St. Laserian, sometimes called Molaise, was the founder of the See of Leighlin and its first bishop. He was born about the year  566. He studied in Rome and was sent to preach the word of God in Ireland. In fulfillment of this mission, Laserian visited  many parts of Ireland including Leighlin.

St. Laserian’s Cathedral features architecture from every century since it was built.The stone interior of this beautifully preserved church is illuminated by large Gothic style windows and a magnificent stained glass window behind the altar. One of the glories of the cathedral is the intricate ribbed vault of the crossing tower. The beautifully carved sedilia reflect the cathedral status of this building. This is one of the few churches in Ireland that has four seats, rather than the usual three. It is suggested that the fourth seat was for the Bishop. Cathedrals normally provided a special chair for the bishop but Old Leighlin may have just provided a place on the sedilia.
There are two fonts in the church, both of which are older than the building. The earlier font consists of a massive piece of Kilkenny marble, hollowed with rough hand tools. The other font known as the Gowran font is more decorative.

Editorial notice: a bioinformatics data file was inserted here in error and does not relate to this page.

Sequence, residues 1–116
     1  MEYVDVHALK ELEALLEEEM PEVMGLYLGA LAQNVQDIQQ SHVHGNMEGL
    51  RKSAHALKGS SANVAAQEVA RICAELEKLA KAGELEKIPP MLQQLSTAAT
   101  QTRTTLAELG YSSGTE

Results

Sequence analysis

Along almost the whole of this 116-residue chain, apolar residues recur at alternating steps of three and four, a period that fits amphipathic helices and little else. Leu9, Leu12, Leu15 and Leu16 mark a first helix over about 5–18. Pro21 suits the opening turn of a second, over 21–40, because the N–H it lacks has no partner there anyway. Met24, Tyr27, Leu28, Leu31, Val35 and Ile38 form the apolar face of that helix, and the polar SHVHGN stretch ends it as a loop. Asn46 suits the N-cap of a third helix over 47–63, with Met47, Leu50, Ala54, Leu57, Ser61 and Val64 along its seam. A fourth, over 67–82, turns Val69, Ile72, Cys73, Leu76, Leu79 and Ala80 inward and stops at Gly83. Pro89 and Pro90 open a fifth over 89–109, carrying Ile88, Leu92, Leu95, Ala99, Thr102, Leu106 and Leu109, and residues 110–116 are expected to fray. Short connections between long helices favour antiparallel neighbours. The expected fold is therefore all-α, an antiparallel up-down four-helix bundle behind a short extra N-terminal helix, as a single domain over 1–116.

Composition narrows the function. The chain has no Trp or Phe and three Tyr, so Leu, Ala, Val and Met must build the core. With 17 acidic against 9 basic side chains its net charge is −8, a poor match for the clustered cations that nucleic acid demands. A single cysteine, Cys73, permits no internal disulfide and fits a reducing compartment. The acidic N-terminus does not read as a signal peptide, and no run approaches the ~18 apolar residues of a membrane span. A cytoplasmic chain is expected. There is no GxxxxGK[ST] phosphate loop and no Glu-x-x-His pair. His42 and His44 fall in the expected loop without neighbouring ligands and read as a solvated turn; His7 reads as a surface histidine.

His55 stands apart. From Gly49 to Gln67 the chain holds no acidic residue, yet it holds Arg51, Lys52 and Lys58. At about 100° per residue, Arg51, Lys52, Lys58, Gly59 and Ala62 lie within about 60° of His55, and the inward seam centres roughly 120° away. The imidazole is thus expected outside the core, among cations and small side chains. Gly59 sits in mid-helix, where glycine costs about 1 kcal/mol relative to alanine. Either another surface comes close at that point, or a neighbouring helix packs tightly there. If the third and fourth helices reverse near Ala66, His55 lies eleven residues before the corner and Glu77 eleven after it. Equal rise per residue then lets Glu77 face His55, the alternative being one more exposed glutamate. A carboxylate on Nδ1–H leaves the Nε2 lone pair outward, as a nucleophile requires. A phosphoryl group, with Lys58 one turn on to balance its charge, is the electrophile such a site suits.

There are some fine nineteenth-century pieces in the cathedral. The Bishop’s throne is richly
carved as is the timber lectern in the traditional form of an eagle. This lectern was made in memory of Thomas and Sophie Vigors.

The Vigors family of Burgage, Leighlinbridge were closely associated with the church and there are thirty two memorials to the family throughout the building. The east window designed by Catherine O’Brien, is a beautiful memorial, depicting Saints Moling, Bridget, Fiach, Canice, Patrick, John, Paul and Laserian.

Did You Know…

The date on which Easter is celebrated has always been a cause of difficulty and disagreement throughout Christian history. The main Latin churches throughout Western Europe used the Roman system of prediction. In the seven th century the less accurate Celtic system was in use in Ireland.

This caused unnecessary dissent and St. Laserian overcame the problem persuading the Irish Bishops gathered in the Synod of 630 to adopt the Roman system.

This was no mean feat given the Irish  church’s tradition of independence in thinking and practice but it greatly helped in unifying the church. This achievement was confirmed for the Western Church at the Synod of Whitby in 664 A.D

The holy well

April 29th, 2010 • By: admin All Sites, St. Laserian's Trail

2. The holy well

The holy well which can be found 100 metres west of the church is dedicated to St. Molaise and features an early ringed cross said to denote the place where St. Laserian conversed with St. Finbar of Cork. Laserian, who was originally from Ulster, is celebrated for the Synod held in Leighlin in 630 at which the Irish Church adopted the Roman method for arriving at the date of Easter.